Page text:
Citing a thesis or dissertation.

Thesis – A document submitted to earn a degree at a university.

Dissertation – A document submitted to earn an advanced degree, such as a doctorate, at a university.

The formatting for thesis and dissertation citations is largely the same. However, you should be sure to include the type of degree after the publication year as supplemental information. For instance, state if the source you are citing is an undergraduate thesis or a PhD dissertation.

MLA Thesis and Dissertation Citation Structure (print)

Last, First M.  Title of the Thesis/Dissertation. Year Published. Name of University, type of degree.

MLA Thesis and Dissertation Citation Structure (online)

Last, First M.  Title of the Thesis/Dissertation. Year Published. Name of University, type of degree.  Website Name , URL.

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Wilson, Peggy Lynn. Pedagogical Practices in the Teaching of English Language in Secondary Public Schools in Parker County . 2011. University of Maryland, PhD dissertation.

In-text Citation Structure

(Author Last Name page #)

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(Wilson 14)

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NWU Harvard Referencing Guide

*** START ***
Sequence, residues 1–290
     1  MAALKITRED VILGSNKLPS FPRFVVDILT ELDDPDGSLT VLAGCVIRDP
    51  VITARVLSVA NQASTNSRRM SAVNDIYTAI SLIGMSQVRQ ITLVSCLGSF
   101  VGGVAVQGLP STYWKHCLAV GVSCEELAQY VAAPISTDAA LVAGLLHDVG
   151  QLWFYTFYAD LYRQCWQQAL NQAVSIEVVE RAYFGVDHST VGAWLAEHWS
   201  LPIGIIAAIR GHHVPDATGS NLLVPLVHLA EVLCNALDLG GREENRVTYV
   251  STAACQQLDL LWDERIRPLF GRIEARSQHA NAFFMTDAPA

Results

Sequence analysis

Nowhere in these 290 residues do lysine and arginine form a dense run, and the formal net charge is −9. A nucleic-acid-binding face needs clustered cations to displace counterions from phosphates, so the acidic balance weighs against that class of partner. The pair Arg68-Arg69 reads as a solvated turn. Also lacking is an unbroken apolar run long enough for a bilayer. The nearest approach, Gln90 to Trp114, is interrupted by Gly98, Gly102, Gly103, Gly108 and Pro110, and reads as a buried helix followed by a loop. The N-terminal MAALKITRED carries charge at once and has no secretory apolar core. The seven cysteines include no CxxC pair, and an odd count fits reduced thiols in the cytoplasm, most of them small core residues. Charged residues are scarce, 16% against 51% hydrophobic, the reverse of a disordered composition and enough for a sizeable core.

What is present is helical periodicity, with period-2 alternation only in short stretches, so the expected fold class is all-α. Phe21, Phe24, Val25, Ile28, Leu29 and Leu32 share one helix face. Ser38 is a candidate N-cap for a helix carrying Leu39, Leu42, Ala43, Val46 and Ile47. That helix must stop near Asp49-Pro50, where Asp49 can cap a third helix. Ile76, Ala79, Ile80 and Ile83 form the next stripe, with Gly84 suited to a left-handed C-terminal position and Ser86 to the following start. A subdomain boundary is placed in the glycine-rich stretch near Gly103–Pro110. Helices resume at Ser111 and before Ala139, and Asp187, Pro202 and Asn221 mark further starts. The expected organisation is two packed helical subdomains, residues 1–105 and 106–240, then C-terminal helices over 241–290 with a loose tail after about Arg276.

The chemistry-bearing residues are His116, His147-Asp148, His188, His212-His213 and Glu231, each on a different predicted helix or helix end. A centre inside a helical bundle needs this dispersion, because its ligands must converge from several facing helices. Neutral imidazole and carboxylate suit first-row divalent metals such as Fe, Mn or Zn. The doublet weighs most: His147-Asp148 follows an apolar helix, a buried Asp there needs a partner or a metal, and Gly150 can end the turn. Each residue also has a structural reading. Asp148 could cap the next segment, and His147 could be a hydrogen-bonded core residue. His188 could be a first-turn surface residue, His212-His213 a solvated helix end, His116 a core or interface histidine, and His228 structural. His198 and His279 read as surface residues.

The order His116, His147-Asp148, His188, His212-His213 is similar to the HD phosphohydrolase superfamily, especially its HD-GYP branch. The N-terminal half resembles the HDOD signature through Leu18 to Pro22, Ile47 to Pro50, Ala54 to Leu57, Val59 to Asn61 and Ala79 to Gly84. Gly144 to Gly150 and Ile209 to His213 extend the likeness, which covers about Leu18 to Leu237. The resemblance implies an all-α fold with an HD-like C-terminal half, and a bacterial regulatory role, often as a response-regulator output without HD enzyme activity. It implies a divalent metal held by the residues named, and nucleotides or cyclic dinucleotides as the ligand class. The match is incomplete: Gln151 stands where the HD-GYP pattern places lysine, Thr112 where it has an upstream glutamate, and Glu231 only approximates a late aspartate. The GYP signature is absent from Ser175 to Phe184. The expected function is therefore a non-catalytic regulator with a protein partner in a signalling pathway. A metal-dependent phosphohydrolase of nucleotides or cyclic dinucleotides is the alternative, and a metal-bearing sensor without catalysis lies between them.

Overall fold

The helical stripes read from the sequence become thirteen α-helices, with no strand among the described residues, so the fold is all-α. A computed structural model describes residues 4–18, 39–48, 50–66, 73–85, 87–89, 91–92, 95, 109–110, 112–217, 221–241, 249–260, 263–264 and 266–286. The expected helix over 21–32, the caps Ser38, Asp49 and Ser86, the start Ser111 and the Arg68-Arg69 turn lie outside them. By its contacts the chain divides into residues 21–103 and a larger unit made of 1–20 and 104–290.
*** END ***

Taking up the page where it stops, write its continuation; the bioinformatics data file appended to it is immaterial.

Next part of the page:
• Introduction
  • Text references
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  • Chapter in a collected work
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Theses and dissertations

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Use recognised abbreviations for universities and degrees. According to the NWU manual for master’s and doctoral studies, the following terms are used:

For international theses and dissertations use the terms on the title page. Full stops are optional in the abbreviations for qualifications, eg: M.Sc. or MSc (Magister Scientiae), Ph.D. or PhD (Philosophiae Doctor).

Harvard referencing theses and dissertations

Saah, P. 2017. Exploring Mintzberg’s managerial roles of academic leaders at a selected higher education institution in South Africa . Mafikeng: North-West University. (Mini-dissertation – MBA). Text reference: (Saah, 2017:103).

Doctoral theses and master’s dissertations are widely available on institutional repositories. Include the permanent link (“handle”) to the thesis / dissertation in the reference list.

Note: when giving a permanent link, a date of access is not necessary.

Harvard referening theses and dissertations

International theses / dissertations accessed from a commercial database e.g. ProQuest:

Carroll, A.R. 2018. Ecosystems, communities, and species: understanding mammalian response to ancient carbon cycle perturbations . Ann Arbor, MI: University of New Hampshire. (Dissertation – PhD). http://nwulib.nwu.ac.za/login?url=https://search-proquest-com.nwulib.nwu.ac.za/docview/2058145688? accountid=12865 Date of access: 13 Apr. 2019. Text reference: (Carroll, 2018:59).

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Title: explainability for machine learning models: from data adaptability to user perception.